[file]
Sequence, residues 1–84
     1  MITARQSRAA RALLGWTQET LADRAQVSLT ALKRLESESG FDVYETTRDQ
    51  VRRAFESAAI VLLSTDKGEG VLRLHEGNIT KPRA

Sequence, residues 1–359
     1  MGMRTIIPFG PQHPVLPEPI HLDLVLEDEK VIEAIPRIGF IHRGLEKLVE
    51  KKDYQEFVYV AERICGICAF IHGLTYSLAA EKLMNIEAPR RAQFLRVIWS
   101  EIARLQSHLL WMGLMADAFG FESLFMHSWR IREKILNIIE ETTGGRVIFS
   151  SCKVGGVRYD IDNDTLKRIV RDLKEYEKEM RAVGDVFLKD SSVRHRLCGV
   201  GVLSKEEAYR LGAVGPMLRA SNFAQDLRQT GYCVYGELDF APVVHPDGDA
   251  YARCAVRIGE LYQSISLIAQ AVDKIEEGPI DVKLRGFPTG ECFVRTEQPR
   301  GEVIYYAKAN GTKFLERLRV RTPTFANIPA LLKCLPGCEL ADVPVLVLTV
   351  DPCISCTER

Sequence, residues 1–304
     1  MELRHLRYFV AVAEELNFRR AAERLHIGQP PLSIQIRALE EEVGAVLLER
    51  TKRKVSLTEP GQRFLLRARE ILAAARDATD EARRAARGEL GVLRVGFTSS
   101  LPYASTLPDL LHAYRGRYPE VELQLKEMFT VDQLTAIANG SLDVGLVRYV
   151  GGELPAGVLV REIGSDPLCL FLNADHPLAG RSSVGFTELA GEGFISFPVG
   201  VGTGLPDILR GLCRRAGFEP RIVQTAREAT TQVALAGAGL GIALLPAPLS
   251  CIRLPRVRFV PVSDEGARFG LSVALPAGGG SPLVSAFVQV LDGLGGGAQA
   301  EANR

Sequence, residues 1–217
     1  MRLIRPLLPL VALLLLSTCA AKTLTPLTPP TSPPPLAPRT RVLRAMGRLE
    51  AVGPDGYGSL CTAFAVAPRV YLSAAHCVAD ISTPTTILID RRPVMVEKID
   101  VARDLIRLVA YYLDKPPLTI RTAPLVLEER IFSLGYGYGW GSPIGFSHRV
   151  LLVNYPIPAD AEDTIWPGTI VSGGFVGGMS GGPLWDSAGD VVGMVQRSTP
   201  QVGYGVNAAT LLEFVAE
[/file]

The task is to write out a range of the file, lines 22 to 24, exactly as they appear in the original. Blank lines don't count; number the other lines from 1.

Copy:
     1  MRLIRPLLPL VALLLLSTCA AKTLTPLTPP TSPPPLAPRT RVLRAMGRLE
    51  AVGPDGYGSL CTAFAVAPRV YLSAAHCVAD ISTPTTILID RRPVMVEKID
   101  VARDLIRLVA YYLDKPPLTI RTAPLVLEER IFSLGYGYGW GSPIGFSHRV